This year, in lieu of any kind of holiday, I spent my week off attending a couple of gaming events. On Friday I went to EGX Rezzed which was pretty good, but on Saturday I spent the day at ECM 2018 in the St. Anne’s Hotel in Wokingham.
The event started at 10am and the school holidays plus pleasant weather conspired to make the drive up from Kent fairly easy going, which meant I managed to arrive fifteen minutes before the doors officially opened with no stress at all.
The Elite Community Meet had a large conference room just off the main reception with an anteroom between, where the check-in desk and the all-important coffee & tea supplies were provided. Also, in the anteroom was docking darts (large, medium and small dart with pads as targets arranged like a dart board). I failed to beat my LaveCon 2017 score!
Table-top RPG games were being played and demonstrated on various tables, with CMDRs playing Zombicide and EDRPG as well as sitting and chatting.
Six degrees of motion sickness
Down in the back corner of the room there was CMDR Blastard, who had brought an extraordinary contraption; a full motion simulator chair of his own construction (complete with working scale prototype model) which allowed him to play Elite and other games in VR with the extra element of motion.
Pirates; is that spelt with one ARRR or two?
You always meet colourful characters at these events. Saturday was no exception. I met CMDRs Squid and Defoe Smith (who were having a coffee at the time) and were most noticeable for their Pirate Cosplay. They have been playing Elite: Dangerous since last year and I asked them if they played the game as pirates, but it turns out they are traders and explorers only, preferring the piracy to remain in costume only! Thanks to https://www.hcsvoicepacks.com/ for the photo.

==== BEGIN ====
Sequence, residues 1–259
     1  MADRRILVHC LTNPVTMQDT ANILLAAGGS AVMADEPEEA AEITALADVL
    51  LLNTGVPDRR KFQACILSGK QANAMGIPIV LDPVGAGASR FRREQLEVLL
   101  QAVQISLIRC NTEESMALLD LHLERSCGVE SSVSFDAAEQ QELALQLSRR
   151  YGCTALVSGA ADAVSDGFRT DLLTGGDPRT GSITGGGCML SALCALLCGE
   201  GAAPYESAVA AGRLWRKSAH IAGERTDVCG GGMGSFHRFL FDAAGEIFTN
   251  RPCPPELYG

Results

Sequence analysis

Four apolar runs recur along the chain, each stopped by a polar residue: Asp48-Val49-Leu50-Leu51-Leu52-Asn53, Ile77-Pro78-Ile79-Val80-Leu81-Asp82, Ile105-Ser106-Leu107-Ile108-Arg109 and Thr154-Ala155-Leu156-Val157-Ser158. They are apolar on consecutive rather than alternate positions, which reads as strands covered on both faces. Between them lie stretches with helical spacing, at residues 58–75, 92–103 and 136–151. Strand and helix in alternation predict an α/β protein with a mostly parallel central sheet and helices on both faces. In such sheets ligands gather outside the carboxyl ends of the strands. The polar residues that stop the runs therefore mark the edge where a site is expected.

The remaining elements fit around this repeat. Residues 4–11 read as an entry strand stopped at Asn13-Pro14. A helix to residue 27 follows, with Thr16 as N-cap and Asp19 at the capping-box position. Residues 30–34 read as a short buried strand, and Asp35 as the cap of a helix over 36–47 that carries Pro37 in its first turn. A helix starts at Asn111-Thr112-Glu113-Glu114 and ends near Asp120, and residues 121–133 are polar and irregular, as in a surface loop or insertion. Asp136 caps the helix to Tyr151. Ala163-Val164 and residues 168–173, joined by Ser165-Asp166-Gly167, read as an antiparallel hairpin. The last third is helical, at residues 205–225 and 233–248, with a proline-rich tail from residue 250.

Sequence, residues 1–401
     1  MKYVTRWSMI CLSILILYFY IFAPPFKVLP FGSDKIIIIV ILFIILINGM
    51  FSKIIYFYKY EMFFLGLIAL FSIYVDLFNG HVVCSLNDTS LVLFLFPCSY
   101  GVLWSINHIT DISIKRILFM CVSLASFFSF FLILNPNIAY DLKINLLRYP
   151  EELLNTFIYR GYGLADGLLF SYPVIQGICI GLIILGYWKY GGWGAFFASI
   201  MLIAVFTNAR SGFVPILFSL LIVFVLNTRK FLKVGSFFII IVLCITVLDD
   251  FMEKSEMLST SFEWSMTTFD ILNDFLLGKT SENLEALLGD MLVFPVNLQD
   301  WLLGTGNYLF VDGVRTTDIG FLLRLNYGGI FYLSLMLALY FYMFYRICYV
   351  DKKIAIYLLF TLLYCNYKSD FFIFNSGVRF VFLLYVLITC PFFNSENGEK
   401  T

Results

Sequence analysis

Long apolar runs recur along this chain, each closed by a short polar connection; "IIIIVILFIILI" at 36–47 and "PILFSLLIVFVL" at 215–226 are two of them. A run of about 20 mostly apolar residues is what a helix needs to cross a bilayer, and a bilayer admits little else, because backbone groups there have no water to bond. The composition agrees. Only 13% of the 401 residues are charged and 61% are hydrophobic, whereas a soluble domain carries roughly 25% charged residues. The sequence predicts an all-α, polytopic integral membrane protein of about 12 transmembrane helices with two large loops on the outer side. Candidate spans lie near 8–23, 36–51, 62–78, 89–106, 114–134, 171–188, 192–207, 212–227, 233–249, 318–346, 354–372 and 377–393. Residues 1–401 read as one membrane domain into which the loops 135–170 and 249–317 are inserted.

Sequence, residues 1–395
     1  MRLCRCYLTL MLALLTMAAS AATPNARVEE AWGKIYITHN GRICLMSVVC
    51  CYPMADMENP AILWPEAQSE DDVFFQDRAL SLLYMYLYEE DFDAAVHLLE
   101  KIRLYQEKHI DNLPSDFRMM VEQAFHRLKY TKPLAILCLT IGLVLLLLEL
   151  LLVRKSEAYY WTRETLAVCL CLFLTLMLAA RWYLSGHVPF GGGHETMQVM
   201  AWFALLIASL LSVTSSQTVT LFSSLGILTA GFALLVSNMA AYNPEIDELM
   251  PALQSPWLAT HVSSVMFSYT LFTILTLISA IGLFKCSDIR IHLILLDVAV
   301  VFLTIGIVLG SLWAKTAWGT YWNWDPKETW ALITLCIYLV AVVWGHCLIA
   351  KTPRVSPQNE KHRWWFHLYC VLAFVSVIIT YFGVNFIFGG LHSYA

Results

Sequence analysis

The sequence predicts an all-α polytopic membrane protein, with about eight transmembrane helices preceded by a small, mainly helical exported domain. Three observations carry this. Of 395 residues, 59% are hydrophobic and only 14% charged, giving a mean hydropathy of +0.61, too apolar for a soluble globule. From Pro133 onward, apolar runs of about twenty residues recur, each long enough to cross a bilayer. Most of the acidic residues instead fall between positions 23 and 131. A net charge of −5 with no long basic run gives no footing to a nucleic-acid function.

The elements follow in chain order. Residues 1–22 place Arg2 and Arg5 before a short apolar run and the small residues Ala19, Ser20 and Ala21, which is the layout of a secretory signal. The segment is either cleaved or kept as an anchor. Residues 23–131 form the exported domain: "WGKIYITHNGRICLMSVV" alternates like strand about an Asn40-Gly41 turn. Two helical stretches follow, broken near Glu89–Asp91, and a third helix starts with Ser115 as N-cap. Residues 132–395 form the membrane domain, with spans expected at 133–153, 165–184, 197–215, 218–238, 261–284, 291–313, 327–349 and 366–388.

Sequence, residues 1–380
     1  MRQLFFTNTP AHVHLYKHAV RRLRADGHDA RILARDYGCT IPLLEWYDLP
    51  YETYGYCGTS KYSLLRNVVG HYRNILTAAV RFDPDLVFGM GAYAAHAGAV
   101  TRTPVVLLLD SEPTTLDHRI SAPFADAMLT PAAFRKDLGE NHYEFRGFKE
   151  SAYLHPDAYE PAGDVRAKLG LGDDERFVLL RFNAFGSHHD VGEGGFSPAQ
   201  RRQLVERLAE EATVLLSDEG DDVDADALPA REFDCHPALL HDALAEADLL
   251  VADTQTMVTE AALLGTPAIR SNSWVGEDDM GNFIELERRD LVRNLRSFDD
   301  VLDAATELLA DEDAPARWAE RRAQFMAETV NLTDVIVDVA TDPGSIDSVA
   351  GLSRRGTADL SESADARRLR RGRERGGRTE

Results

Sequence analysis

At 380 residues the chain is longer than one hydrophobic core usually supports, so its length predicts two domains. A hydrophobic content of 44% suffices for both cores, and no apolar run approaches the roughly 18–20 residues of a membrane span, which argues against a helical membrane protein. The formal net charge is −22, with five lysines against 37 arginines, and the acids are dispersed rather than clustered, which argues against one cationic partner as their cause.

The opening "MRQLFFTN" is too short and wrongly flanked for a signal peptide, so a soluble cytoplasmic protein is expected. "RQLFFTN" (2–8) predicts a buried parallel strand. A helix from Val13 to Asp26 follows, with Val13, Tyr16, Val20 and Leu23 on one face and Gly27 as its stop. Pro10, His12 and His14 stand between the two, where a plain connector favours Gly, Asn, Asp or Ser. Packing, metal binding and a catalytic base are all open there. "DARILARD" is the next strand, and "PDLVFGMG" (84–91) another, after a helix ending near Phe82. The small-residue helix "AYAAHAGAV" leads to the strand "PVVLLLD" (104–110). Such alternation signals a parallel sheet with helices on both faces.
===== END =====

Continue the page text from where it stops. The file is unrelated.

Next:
I managed to jump in a game of Artemis set up in a small conference room further back in the hotel. The principle of the game is that you have five players who get a screen each; Science, Helm, Tactical, Communications, Engineering and a sixth player, the Captain, who has a viewscreen but no control. This means the captain has to yell orders and rely on the other five players to (a) communicate and (b) do as they are told, not just what they want. The end result is either amazing teamwork or farcical comedy!
Our first obstacle was our captain (who had signed up to play) didn’t show. However, Ben Moss-Woodward of LaveRadio fame, who had been manning the event check-in, took the big chair.
In the game, the space map shows a sector divided up by asteroid belts and mine-fields with a handful of star-bases we should protect and roaming groups of hostile ships to fight.
Whilst we got to grips with playing the game, the roaming bad-guys blew up the star-bases while we watched, helpless, from the wrong side of the sector to do anything about it. Having engaged some ships in battle, successfully I might add, we had run out of missiles etc. and with no star-bases left to restock, we resorted to what is known as “the Drew Wagar manoeuvre” and flew circles around a black hole, causing the hapless bad-guys to fly into it and die. The final score was we lasted the full 40 minutes without getting killed, but the star-bases were a total loss.
The end of the room furthest from the “stage” had a couple of virtual reality rigs set up for CMDRs to have a try. The Vive rig being used belonged to Lave Radio’s Grant “PsychoKow” Wilcott and had one of the TP Cast wireless sets fitted. I was interested to see that while it means you are no longer tethered to the PC, it isn’t really wireless, since in addition to the transmitter that sits on the top of your head, there is a chunky cable to the fairly sizeable battery pack. Still, not having a long and trip-worthy cable attached to you must be an advantage.
I sat down at the back of the room and managed to have a game of Space Invaders on one of the original 1980s Atari TV game consoles. Where you’d find a CRT television that still works these days boggles the mind, but it definitely took me back to my misspent youth!